A mulligan, taken from the golf term, is a means of balancing out bad draws for your opening hand. The most common type of Mulligan these days is the 'Paris Mulligan', and it is the only legally supported method for sanctioned tournaments. When you draw your starting hand, you are free to shuffle it back into your deck if you are dissatisfied with it. Each time you reject your hand, you shuffle those cards back into your library and draw one less than you had before. This means that you can actually mulligan down to 0 cards, although this is inadvisable.
In the Two-Headed Giant format, each player may take a 'free' mulligan, meaning that they may draw a new hand of 7 cards. Subsequent mulligans after this, however, require one less card to be drawn each time, as normal.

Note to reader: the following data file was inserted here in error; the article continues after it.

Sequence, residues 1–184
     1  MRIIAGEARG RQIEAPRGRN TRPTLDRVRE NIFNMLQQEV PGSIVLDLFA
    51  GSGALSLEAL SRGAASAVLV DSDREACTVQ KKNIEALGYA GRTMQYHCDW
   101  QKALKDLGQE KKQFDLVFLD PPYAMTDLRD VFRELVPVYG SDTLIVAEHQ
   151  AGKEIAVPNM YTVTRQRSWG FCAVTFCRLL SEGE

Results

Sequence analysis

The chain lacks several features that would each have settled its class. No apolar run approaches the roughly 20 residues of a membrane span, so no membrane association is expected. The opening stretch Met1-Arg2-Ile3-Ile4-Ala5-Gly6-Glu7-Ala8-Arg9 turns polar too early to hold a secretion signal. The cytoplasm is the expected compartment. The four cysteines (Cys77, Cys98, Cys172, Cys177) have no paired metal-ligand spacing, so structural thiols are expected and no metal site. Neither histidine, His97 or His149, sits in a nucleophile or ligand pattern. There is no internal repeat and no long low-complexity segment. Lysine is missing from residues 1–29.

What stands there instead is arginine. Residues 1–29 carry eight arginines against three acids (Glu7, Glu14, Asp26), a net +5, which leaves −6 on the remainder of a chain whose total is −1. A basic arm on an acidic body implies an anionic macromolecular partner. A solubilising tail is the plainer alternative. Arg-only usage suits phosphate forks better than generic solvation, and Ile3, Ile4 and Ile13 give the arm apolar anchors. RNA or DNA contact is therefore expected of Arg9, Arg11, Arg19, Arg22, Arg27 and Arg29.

Strategically, people tend to mulligan if your hand contains 0, 1, 6, or 7 lands. Too few lands means that you won't be able to play your spells, and too many means you won't have much to play in the first few turns. The cost for your spells is also an important factor to consider when performing a mulligan, as a card that costs 2 colored mana can probably not be played by turn 2 unless you have those two lands in your hand, and too many high-cost cards means you won't have much of an opening presence. If your deck's mana curve focuses more on 2 than 3 or higher, it may be worth the risk to accept a 1-land hand, but even that can be a risky proposition should you not get the second land when you need it. You'll also need to be more aggressive with your mulligans when you are taking the first turn, because you won't have as much time to get the lands you need.